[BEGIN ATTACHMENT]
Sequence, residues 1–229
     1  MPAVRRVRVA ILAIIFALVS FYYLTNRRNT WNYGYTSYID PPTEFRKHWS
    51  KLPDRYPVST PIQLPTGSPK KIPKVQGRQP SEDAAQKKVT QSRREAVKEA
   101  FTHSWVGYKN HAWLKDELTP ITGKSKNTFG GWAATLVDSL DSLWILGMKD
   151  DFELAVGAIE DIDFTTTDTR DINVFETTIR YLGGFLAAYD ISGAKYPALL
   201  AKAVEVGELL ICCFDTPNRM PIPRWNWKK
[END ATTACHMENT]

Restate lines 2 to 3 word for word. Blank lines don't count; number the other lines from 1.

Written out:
     1  MPAVRRVRVA ILAIIFALVS FYYLTNRRNT WNYGYTSYID PPTEFRKHWS
    51  KLPDRYPVST PIQLPTGSPK KIPKVQGRQP SEDAAQKKVT QSRREAVKEA